The Google RechargeIT study just went one step farther in testing their plug-in hybrid cars. By setting up a controlled test of their fleet of cars, they were able to produce a remarkable 90+ mpg.
RechargeIT Blog: Our plug-ins perform: 90+ MPG
We were curious to see how the cars would perform under controlled conditions - and how they would stack up against other conventional automobiles typically found in U.S. households. With that, the RechargeIT Driving Experiment was born!
In total, it took just over seven weeks to complete all the trips in all the vehicles. And with the results in, our plug-ins did great, with the Priuses getting more than 90 miles per gallon. The PHEVs not only greatly outperformed the average American fleet fuel economy of 19.8 MPG, they did significantly better than the standard hybrids – 53% fuel economy improvement for the plug-in Ford Escape and 93% improvement for the plug-in Prius.
The rechargeit experimental fleet of plug-in hybrid cars, up till now, was not achieving very good results. At 60 mpg or so, their mpg numbers could be matched by carefully driving an unmodified Prius. The problem, according to the researchers at google, was the short range trips. The employees were taking the cars out for their daily commute, which were pretty short. Since the cars would start up the gas engines at the beginning of every trip to power up the internal systems. Since the vehicles aren't traveling that far, the proportion of gas running time was still higher than most people would see.
Thus, the team decided on a 7 week experiment. They created 38 routes, 12 city routes of 1 to 30 miles, 14 city/highway routes of 7-60 miles and 12 highway routes of 15 to 92 miles surrounding the Mountain View headquarters where the experiment was taking place. They sent out each of their cars 257 times across those 38 routes for a total distance of 2228 miles.
They randomly assigned cars and 5 professional drivers to the trips, although they did control the order of the trips so all vehicles completed the city trips first, then the combined, then the highway trips.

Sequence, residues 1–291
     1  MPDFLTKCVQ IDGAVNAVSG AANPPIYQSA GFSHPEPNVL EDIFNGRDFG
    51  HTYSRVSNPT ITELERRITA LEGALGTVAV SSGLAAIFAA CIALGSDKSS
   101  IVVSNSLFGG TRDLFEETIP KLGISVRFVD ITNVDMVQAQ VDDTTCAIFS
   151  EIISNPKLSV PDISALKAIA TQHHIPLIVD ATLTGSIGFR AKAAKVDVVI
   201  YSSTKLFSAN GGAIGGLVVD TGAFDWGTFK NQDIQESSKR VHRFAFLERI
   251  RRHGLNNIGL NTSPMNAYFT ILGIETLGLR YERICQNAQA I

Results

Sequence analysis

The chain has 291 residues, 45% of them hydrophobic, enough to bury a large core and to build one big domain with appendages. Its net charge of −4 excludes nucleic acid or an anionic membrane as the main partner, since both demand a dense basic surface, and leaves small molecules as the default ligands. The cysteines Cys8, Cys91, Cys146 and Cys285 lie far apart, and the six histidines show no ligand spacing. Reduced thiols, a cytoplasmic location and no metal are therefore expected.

They note the weather was pretty mild (in general) and so the heaters were never used, and the A/C was used only occasionally. Also the terrain was fairly flat.
One last (important) note, each plug-in car had to be 'sufficiently charged' before a driver could take it out on it's next trip. In the real world, you won't have that luxury.
Not surprisingly, the Toyota Prius Plug-in outran the competition in mpg numbers. Especially in the city routes, where they hit 115 mpg and they could take advantage of 1) the full charge, and 2) regenerative braking. On highway routes, the results for the PHEVs were a more modest 68 mpg. The Ford Escape plug-in hit 45 mpg in city driving, but was actually better at highway driving at 51 mpg. At the end of the day, the Ford Escape plug-in matched up pretty evenly with the unmodified Prius which got an average mpg of 48 mpg.
You can read up on the results and methodology by following the link.
Overall, I'm impressed by the test. They tried to control for what they could and, aside from allowing the battery to fully recharge for the plug-ins, treated each car the same. The drivers were professionals, but weren't trained on how to drive the hybrids. Someone who had more experience in driving hybrids, who knew how to hypermile, might make the results even more lopsided.